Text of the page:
What’s on Your Sheets…and Other Disgusting Things

Have you ever read one of those articles describing all the gross stuff found on hotel beds? It’s enough to make you never travel again. But what about your own bed? The good news is that no one has died from a dirty hotel bed (that we know of…) and avoiding all germs actually makes us less resilient to future infections.

Sometimes, though, it’s best not to tempt fate. Children, the elderly and the allergy prone can all benefit from a little more cleanliness. So here’s our list of battles to pick in the war against germs.

Bed Sheets

Perspiration, body oils, particles and fluids, dirt and whatever else got stuck to your hair or skin ends up deposited on your sheets every night. A little “dirt” never hurt anyone, right? Maybe dirt can’t hurt but fungus and bacteria can. So can mites and other insects that like to eat that stuff and leave their own insect droppings behind to irritate your skin and respiratory tract.

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If that’s not bad enough, if left in place long enough this “stuff” travels through the fabric to your mattress and pillow turning them into hotbeds of who knows what. Impervious pillow and matters covers can help stop that, but your sheets are still full of squalor.

The way out of this disgusting mess? A weekly sheet change and a hot water wash for those dirty linens. Mattress pads, pillow covers and the like need regular laundering, too. Cotton or vinyl backed covers and pads should be washed every 2-3 months (follow label directions). Foam pads can be vacuumed weekly and spot cleaned as needed. Or, spray with a solution of liquid detergent, white vinegar and water then hose them down to rinse. If that’s too much trouble, get a cover for foam pads and wash that regularly instead.

And while your linens are in the wash, sprinkle some baking soda on your mattress then vacuum it off. Or, spray it with an anti-bacterial and let dry before putting on pads and linens.


There are two kinds of people in life. Those who want everyone to take their shoes off when entering their house and those who don’t. Rude to make people take off their shoes you say? Actually, they’ve been right all along. Studies of people’s shoes revealed a huge amount of grossness on the soles. Bacteria, dirt, insect and animal “parts” – it’s even worse than a toilet seat. And while you can wipe down toilet seats, door knobs, phones and other hot spots fairly effectively, getting those shoe deposits off of wood, tile, grout, linoleum and carpet isn’t so easy.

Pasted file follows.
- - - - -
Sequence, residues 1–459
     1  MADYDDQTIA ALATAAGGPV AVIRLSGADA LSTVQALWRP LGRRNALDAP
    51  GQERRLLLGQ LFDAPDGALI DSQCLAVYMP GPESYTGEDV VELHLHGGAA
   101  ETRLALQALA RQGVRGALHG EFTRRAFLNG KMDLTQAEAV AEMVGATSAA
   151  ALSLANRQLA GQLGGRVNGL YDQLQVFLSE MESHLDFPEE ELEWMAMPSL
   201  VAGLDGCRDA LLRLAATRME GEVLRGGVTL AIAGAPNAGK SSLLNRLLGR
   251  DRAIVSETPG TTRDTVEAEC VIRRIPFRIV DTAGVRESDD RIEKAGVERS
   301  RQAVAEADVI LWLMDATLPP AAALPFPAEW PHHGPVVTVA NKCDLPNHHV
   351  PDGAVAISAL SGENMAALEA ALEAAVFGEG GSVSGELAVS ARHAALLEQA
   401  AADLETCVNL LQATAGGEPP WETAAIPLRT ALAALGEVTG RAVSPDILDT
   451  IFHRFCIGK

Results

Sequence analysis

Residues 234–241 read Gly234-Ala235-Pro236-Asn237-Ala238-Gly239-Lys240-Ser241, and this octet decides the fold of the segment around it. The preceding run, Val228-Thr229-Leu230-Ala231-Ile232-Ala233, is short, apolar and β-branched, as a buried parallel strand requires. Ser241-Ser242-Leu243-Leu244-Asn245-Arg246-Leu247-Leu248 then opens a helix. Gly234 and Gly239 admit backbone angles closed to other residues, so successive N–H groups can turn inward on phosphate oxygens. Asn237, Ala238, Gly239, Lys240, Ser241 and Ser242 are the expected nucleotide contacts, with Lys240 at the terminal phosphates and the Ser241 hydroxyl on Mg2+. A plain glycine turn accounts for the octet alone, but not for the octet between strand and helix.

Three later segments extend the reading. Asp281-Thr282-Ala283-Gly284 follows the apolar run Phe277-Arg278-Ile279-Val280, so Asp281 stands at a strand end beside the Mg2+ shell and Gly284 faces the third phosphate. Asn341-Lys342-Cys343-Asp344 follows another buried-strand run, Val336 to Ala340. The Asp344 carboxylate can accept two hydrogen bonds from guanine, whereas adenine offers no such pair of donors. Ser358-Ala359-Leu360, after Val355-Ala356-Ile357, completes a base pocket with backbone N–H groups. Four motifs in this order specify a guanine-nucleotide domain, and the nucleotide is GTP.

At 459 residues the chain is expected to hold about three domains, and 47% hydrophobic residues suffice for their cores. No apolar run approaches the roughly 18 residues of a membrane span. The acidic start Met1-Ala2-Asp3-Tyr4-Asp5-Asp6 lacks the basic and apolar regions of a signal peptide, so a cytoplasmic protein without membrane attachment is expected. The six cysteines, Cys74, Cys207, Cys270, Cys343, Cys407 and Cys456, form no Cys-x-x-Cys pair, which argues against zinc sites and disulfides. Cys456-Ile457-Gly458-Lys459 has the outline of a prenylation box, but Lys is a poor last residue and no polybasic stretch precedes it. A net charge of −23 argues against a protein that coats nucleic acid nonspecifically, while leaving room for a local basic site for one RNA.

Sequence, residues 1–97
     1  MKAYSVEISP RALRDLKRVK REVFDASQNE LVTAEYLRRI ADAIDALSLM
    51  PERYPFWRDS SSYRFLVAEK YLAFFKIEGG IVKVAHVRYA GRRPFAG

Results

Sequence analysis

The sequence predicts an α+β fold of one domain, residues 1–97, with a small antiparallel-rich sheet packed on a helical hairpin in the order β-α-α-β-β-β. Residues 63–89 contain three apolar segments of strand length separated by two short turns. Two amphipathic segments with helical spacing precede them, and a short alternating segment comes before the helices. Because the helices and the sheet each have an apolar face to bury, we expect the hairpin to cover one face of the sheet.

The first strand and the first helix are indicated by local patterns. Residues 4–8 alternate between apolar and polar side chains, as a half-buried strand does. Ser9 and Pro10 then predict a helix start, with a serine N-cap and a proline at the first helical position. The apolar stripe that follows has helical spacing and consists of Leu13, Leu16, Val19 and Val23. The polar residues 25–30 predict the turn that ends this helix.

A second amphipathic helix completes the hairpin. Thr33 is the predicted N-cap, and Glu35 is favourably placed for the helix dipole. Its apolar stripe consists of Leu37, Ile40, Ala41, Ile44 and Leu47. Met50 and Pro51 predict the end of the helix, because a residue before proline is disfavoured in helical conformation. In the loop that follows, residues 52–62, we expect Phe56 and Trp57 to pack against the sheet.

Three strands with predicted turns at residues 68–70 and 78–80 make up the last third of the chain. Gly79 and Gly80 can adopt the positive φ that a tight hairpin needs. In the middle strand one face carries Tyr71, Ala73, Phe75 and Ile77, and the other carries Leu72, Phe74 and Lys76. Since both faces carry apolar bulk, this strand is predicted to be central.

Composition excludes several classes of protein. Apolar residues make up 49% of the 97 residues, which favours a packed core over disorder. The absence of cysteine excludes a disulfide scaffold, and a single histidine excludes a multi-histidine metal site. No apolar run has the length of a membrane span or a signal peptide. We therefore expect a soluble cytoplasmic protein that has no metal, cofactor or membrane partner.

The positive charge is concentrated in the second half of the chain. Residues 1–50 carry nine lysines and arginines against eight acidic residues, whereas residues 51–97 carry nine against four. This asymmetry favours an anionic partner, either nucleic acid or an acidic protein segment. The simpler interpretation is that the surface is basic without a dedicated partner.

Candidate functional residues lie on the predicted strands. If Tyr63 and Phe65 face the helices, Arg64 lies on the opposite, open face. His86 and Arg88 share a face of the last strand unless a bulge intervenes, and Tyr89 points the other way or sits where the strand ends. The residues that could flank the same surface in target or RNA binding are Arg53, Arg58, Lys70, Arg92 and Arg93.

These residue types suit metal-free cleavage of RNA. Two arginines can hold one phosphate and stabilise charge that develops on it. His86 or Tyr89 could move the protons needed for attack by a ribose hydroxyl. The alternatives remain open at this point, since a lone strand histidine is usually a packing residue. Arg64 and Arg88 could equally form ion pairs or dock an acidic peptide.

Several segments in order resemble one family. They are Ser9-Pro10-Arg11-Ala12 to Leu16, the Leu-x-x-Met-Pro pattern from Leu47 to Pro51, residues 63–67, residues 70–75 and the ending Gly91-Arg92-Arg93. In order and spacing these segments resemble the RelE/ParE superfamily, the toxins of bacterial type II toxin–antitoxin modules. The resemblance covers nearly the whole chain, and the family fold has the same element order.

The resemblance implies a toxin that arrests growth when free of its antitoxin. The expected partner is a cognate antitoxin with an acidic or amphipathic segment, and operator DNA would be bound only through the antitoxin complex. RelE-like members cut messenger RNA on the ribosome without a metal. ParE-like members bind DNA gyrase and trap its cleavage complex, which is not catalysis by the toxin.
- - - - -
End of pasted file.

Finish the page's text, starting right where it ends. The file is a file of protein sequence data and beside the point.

Experiencing a little panic as you think about the kids playing or crawling on the floor – with you there with them? Get the steam cleaner, mop and vacuum out, give those floors a thorough cleaning then put a mat by the door for everyone to leave their shoes.


If you’re concerned about the shoe stuff, if you’ve got pets you’re probably freaking out. What are those friends of man doing to the household ecosystem!? When it comes to pets, cleanliness and maintenance are your best defenses. Keeping a handle on pet hair with regular brushing, bathing, dusting and vacuuming keeps whatever is on those hairs from getting out of hand. And keeping up with shots and flea treatments means you don’t have to worry about pet diseases or bugs spreading to the humans in the house.

For pets that do their business inside, daily maintenance is a must and so is regular container cleaning with hot, soapy water. Just don’t do the cleaning in your kitchen skin or bathroom if you can avoid it. If not, wipe down and spray these areas with anti-bacterial cleaning products.

Since you’re now regularly cleaning the floors, paw stuff is less of a problem. Just don’t let pets climb on furniture or counters unless you don’t mind adding those surfaces to your cleaning list. If you’ve got a complaint animal, you might be able to wipe their paws after coming in (hahaha). But at the very least, make sure there’s a big, dirt grabbing mat front of the doors. Clean and spray them regularly.


Stop and think where you might have set down your handbag, tote, backpack or even shopping bag. In a public rest room? On the floor at a restaurant or bar? In the office next to your desk? Under an airplane seat? Like shoes, stuff gets stuck to the bottom of bags. And then you bring that into your house, set it on the counter or bed and, well, you know what happens next.

Scrub or wash the bottoms and sides of these items regularly. Wipe down counters or other surfaces where you’ve placed them. Totes and backpacks may even be machine washable. Treat luggage with anti-bacterial spray before storing. And watch where you put your hands when you’re carrying bags if you’ve put them on the floor.

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by on September 8th, 2016